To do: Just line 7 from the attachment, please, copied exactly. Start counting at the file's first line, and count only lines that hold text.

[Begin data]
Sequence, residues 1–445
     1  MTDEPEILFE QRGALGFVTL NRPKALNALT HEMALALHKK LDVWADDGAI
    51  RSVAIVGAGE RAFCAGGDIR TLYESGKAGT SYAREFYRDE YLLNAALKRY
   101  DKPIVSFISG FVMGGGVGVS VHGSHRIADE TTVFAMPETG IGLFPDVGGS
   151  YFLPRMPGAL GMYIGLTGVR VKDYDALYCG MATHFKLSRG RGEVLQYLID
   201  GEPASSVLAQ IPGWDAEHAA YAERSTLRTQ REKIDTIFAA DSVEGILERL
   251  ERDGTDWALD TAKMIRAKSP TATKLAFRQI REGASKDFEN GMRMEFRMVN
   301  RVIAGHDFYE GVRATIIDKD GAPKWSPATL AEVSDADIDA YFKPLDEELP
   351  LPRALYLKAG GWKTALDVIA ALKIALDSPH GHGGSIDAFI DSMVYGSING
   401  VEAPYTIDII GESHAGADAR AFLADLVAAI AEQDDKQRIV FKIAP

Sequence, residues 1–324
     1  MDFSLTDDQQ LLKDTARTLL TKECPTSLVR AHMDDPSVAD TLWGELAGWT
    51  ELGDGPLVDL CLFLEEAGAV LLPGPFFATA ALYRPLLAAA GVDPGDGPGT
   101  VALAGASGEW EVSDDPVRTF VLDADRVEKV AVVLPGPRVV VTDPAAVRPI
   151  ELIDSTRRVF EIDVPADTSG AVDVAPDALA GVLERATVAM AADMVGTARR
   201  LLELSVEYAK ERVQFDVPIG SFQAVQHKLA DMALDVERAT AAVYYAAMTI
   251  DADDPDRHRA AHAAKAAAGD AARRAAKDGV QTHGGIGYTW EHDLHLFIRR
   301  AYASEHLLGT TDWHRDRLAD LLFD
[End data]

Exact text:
   251  ERDGTDWALD TAKMIRAKSP TATKLAFRQI REGASKDFEN GMRMEFRMVN